Thursday, 5 June 2014

Mapping of request URLs in CQ/AEM

Mapping of request URLs in CQ

There are cases where in we need to map the URL's during the process of CQ request. Also these must happen before Sling starts processing the URL.

Problem 1:

Say we need to convert the URL like: www.example.com --> converts to --> /content/mysite/en/

Anaylsis:

Let us see how this can be done. There are possible many ways to do this by creating an OSGi bundle for this, to ensure that the URL is filtered by the class first and then catered by Sling.

Apache sling site(http://sling.apache.org/documentation/the-sling-engine/mappings-for-resource-resolution.html) says, "The mapping of request URL's to resources is mainly configured in a configuration tree which is (by default) located below /etc/map. The actual location can be configured with the resource.resolver.map.location property of the org.apache.sling.jcr.resource.
internal.JcrResourceResolverFactoryImpl configuration."

Thus to deal with the new resource resolution, sling have a number of properties

sling:match -> A property to be set on a node in the /etc/map tree. A regular expression which is used instead of the node's name to match the incoming request here.
sling:redirect ->  This triggers a redirect response to be sent to the client, which inturn calls the client to send in a new request with the modified location.
sling:status -> Defines the HTTP status code sent to the client with the sling:redirect response.
sling:internalRedirect –> Here the current path internally gets modified to continue with resource resolution.
sling:alias –> helps the resource to indicate an alias name for the resource.

1st Solution to the problem 1:
Our above problem can be handled by Sling URL Mapping.

For this we need to create a node under the /etc/map directory with a resource type of sling:Mapping(A primary node type which may be used to easily construct entries in the /etc/map tree), then match to call www.example.com.

Once an incoming request matches the node name in above case, this then takes a property of sling:internalRedirect & this property is appended to the path to continue with internal resource resolution as shown below.

<map>
    <http jcr:primaryType="sling:OrderedFolder">
        <www.example.com
            jcr:primaryType="sling:Mapping"
            sling:internalRedirect="/content/mysite/en"/>
    </http>
</map>

The above will ensure any request coming to www.example.com  is resolved to www.example.com/content/mysite/en/.

2nd Solution to the problem 1:

Say you need code-based solution for multiple websites and you are not interested in managing /etc/map, you can setup your own Filter as below.

package your.package;

import org.apache.felix.scr.annotations.*;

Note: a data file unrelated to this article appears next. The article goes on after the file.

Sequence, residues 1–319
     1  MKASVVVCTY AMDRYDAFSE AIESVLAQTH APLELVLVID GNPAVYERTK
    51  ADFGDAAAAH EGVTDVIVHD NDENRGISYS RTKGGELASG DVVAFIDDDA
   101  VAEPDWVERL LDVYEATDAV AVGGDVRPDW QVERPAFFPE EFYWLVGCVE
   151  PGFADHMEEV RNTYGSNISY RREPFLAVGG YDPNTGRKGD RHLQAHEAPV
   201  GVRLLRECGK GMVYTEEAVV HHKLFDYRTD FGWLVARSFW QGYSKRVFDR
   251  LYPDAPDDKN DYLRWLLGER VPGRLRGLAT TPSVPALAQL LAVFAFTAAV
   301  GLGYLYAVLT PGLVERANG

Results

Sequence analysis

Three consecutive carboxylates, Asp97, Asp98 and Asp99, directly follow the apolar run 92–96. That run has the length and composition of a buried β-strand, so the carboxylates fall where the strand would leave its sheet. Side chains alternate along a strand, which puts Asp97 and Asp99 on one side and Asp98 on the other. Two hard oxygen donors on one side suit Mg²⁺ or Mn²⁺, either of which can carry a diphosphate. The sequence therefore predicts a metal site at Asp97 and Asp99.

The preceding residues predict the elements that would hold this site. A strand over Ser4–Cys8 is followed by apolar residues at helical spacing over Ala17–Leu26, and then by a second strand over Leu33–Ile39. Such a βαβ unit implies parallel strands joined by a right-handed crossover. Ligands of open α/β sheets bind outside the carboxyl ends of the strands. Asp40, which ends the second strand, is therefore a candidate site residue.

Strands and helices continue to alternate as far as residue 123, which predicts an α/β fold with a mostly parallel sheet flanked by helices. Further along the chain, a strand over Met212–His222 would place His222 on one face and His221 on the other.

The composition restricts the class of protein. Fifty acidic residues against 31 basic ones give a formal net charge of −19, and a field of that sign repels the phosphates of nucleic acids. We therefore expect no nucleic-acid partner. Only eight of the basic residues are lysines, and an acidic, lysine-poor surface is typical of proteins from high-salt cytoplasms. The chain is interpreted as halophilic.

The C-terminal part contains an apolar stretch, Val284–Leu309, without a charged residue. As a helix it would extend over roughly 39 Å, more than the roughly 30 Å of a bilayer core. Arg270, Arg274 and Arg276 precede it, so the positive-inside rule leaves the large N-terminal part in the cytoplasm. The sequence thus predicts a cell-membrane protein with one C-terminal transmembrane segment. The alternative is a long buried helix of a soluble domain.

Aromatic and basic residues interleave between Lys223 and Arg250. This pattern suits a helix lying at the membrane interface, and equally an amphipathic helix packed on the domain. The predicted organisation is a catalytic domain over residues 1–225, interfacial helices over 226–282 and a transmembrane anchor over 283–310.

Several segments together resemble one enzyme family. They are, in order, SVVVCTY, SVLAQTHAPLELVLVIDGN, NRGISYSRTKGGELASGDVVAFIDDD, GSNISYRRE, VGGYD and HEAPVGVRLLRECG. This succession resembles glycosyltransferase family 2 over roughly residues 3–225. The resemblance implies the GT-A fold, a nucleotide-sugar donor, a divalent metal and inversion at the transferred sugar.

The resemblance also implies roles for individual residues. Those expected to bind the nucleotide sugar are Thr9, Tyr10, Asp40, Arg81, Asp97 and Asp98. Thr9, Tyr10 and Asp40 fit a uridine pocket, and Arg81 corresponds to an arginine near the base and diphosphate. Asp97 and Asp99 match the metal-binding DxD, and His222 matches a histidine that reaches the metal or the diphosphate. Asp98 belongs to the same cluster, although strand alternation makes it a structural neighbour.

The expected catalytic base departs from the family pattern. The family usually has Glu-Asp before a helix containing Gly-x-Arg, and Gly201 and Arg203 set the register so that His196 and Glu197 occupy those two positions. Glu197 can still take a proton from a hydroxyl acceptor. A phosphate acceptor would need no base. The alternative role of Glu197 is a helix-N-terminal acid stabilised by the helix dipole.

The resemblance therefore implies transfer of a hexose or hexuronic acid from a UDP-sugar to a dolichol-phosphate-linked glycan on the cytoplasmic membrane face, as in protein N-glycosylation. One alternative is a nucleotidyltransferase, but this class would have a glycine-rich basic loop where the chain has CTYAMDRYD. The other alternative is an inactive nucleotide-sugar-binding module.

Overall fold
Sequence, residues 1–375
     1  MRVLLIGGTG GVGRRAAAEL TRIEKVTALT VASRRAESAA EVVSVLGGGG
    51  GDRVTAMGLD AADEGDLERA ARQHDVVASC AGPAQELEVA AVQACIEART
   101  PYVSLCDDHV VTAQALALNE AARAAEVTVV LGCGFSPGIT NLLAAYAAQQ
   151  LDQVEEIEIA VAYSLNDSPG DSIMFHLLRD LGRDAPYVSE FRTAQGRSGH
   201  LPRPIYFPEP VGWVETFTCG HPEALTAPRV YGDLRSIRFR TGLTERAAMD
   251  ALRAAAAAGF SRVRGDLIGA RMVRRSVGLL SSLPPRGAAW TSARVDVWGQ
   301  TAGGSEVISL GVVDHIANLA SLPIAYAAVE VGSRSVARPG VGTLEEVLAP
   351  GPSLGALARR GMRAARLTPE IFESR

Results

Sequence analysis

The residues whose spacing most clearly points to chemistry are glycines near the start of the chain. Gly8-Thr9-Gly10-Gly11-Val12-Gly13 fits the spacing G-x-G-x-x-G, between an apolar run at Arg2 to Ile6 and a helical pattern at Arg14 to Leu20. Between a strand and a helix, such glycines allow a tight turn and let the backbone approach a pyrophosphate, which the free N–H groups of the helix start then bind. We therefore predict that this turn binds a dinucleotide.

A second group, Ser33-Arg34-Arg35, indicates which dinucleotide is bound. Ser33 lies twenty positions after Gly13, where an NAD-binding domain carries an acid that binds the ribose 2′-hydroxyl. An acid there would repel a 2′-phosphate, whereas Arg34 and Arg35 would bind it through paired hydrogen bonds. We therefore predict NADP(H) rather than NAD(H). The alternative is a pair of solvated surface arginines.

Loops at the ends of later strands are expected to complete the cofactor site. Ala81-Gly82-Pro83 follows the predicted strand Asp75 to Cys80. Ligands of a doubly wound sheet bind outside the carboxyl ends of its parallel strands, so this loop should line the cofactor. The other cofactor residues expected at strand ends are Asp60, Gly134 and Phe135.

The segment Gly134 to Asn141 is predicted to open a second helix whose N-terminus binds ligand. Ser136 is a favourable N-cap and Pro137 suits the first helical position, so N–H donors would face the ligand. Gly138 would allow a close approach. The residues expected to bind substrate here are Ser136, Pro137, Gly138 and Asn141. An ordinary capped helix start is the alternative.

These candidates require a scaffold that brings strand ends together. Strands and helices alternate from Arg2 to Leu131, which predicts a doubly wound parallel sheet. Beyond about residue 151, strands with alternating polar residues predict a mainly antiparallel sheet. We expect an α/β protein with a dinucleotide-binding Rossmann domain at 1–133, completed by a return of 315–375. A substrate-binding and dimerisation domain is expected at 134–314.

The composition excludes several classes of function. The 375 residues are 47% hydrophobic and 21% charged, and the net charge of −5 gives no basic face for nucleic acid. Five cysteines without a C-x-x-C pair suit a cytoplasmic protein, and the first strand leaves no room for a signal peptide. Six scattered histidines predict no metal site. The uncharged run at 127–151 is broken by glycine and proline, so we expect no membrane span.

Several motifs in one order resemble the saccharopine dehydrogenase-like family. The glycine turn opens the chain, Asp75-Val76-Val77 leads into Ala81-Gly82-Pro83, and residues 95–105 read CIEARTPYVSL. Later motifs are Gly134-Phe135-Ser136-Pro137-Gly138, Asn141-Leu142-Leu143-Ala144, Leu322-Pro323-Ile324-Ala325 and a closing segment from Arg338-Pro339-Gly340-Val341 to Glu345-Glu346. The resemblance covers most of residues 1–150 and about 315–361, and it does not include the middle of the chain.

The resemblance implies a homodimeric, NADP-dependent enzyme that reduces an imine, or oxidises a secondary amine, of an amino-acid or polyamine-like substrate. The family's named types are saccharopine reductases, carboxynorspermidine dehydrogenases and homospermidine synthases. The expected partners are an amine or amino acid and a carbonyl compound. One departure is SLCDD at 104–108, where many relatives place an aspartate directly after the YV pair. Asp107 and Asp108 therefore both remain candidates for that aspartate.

import javax.servlet.Filter;
import javax.servlet.FilterChain;
import javax.servlet.FilterConfig;
import javax.servlet.ServletException;
import javax.servlet.ServletRequest;
import javax.servlet.ServletResponse;
import javax.servlet.RequestDispatcher;
import javax.servlet.http.HttpServletRequest;
import javax.servlet.http.HttpServletResponse;

import org.apache.sling.commons.osgi.PropertiesUtil;
import org.osgi.service.component.ComponentContext;

@Component(immediate=true, enabled=true)
@Service(value=Filter.class)
@Properties({
    @Property(name="sling.filter.scope", value="REQUEST", propertyPrivate=true),
    @Property(name="service.ranking", intValue=-10000, propertyPrivate=true)
})
public class URLFilter implements Filter {
    private static final Logger log = LoggerFactory.getLogger(ProductSEOFilter.class);

    @Activate
    protected void activate(ComponentContext ctx) throws Exception {
    }

    @Deactivate
    protected void deactivate() throws Exception {
    }

    public void init(FilterConfig filterConfig) throws ServletException {
    }

    public void doFilter(ServletRequest request, ServletResponse response, FilterChain chain)
    throws java.io.IOException, ServletException {
        String lang = "en";

        // 1. get domain and path
        // 2. check if your conditions are met
        // 3. extract language from domain
        // 4. internal redirect

        RequestDispatcher dispatch = request.getRequestDispatcher("/content/mysite/" + lang);
        dispatch.forward(request, response);
    }

    public void destroy() {
    }
}

Problem 2:
Say we need to implement case insensitivity in URL in our CQ application like test.html and TEST.HTML directs to same page

Anaylsis:
While trying to use Apache mod_rewrite and mod_speling we can find they both having some undesired effects on various type of requests. Option could be to create a request filter for this, but having multiple URL's for the same page is not recommended for SEO.

Solution:
We can use mod_rewrite.c for this at your HTTP server so that CMS system remains untouched. Best known pattern approach for CQ is keep AEM content pages lowercase with no underscores and have http server convert url requests to lower case. Doing url clean up on webserver level improves your dispatcher caching options too. 

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